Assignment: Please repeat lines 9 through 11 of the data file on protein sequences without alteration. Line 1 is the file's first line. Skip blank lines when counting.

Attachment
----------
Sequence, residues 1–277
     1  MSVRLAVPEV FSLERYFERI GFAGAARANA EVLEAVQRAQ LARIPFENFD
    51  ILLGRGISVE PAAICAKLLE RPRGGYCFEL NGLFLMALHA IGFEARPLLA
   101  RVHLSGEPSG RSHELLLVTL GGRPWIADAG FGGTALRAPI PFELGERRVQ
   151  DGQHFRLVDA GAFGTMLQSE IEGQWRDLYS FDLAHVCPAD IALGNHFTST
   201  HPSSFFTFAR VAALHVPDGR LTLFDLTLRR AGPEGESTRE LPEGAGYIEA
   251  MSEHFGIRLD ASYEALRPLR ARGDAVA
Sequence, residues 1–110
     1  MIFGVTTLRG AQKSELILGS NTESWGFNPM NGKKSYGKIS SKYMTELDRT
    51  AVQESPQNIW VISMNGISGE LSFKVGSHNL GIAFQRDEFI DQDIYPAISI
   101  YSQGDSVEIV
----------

     1  MIFGVTTLRG AQKSELILGS NTESWGFNPM NGKKSYGKIS SKYMTELDRT
    51  AVQESPQNIW VISMNGISGE LSFKVGSHNL GIAFQRDEFI DQDIYPAISI
   101  YSQGDSVEIV